Polyvagal theory and why it feels so good to sing together
If not exactly Polyvagal Theory for Dummies, Stephen Porges has in this book distilled his theory for non-scientists, and that includes therapists. It comprises a transcribed series of interviews with Porges in which he explains to readers the origins of his inquiry into this field and the immense practical value of the theory in understanding psychopathology. The format of recorded conversations makes it highly readable. The book provides a handy reference to the heart of the theory and why it is important in understanding the presentation and behaviour of our clients, particularly those with complex trauma.
In his preface Porges says he was surprised at the success of his earlier book: The Polyvagal Theory: Neurophysiological Foundations of Emotions, Attachment, Communication, and Self-Regulation . This newer Pocket Guide is his attempt to respond to the many requests he has had to make his theory more readily accessible. “In writing this book”, Porges writes, “it is my hope to highlight the important role of feeling safe as an important component of the healing process. From a polyvagal perspective, deficits in feeling safe form the core biobehavioural feature that leads to mental and physical illness”.
The story really takes off when his research paper in Pediatrics showed that neonates with a good level of vagal activity (vagal tone) had good clinical outcomes. He measured the rhythmic increases and decreases in heart rate (respiratory sinus arrhythmia) associated with normal breathing in neonates and found that some babies’ heart rates were comparatively constant and did not correlate with respiratory patterns; these babies were at risk of serious complications.
A letter from a neonatal specialist following the publication of the Pediatrics paper signalled a whole new research direction and ultimately a paradigm shift in our understanding of how the autonomic nervous system functions. The doctor wrote that his training had warned about the potentially lethal influence of the vagus nerve; in neonates it could cause life-threatening slowing of the heart (bradycardia) and apnoea (cessation of breathing). His research question became: “how could the vagus be both protective when it was expressed as respiratory sinus arrhythmia and life-threatening when it was expressed as bradycardia and apnoea?”.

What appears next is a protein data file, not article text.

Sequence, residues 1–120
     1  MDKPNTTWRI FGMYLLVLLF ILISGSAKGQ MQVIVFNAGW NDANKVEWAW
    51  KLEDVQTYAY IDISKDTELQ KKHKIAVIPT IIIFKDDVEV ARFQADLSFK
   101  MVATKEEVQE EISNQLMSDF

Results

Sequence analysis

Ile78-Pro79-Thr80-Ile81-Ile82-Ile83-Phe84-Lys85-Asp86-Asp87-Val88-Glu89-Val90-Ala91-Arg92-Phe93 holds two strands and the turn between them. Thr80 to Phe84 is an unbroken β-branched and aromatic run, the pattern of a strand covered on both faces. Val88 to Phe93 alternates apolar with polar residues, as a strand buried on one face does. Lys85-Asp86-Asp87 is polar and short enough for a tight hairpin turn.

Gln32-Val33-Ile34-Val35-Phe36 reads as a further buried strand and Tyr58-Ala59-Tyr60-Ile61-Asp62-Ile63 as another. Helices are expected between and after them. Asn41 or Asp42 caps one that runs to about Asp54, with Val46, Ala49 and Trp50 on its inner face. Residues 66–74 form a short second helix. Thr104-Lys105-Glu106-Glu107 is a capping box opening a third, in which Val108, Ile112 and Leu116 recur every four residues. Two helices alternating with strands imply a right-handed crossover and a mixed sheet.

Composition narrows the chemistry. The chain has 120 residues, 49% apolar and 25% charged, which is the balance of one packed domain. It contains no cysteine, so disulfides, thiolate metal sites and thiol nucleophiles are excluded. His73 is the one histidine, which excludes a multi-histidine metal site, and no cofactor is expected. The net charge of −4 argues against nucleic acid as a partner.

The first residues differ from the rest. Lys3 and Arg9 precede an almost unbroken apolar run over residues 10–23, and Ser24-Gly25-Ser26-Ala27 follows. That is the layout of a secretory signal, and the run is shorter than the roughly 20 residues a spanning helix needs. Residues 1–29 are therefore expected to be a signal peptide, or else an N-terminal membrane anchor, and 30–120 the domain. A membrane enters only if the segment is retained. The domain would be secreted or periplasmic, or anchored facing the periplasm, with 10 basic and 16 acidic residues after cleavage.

Porges found the answer to the paradox in the evolution of the vagus nerve (more accurately conceived as a family of nerves). The earliest version comprises the part of the vagus below the diaphragm that causes immobilisation in response to life threatening situations. Oxygen consumption is conserved and the animal is rendered virtually lifeless. This is the dorsal vagal sub-system. The system we hear of most often in the stress response is fight/flight actions of the sympathetic nervous system, the part of the vagus above the diaphragm, activated to mobilise us in response to threat. These two sub-systems are defence systems.
But the most recent evolutionary development is the social engagement system (the ventral vagal system) comprising vagal pathways from the heart which connect with pathways that control muscles of the face and head. The latter regulate how we see, hear, speak and physically express emotions through the control of facial muscles. Importantly this most recent upgrade can override the other two systems, hence Porges’ focus on the feeling of safety at the heart of mental ill health.
Porges explains in this book how this information superhighway (the vagus nerve fibres carry information between brain and body) regulates our emotions. “When the social engagement system is working”, Porges writes, “it down-regulates defences and we feel calm, we hug people, we look at them and we feel good. However, when risk increases, the two defence systems take priority.”
Porges maintains that Polyvagal Theory has a great deal to offer not only in the realm of psychology but even in architecture. In other research he has shown how the dorsal vagal system is activated by low-frequency sounds (think of the fear-inspiring music of Jaws) and bemoans the fact that so many of our hospitals and clinics have rooms in which the low hum of air-conditioning and other infrastructure components stoke fear in patients rather than coaxing them into feelings of safety. We are hard-wired through the social engagement system to be affected by sounds of certain pitches. Prosody, the up-and-downness or inflections in speaking, signal safety. Monotones signal danger. An added reason of why it feels so good to sing, and even more so when we are singing in a choir.
The books is full of insights of value to therapists. My only quibble is that it could have been better edited and, despite Porges’ refutation of this in his preface, there is a lot of repetition of the same material in the various interviews. That aside, it is a very worthwhile read.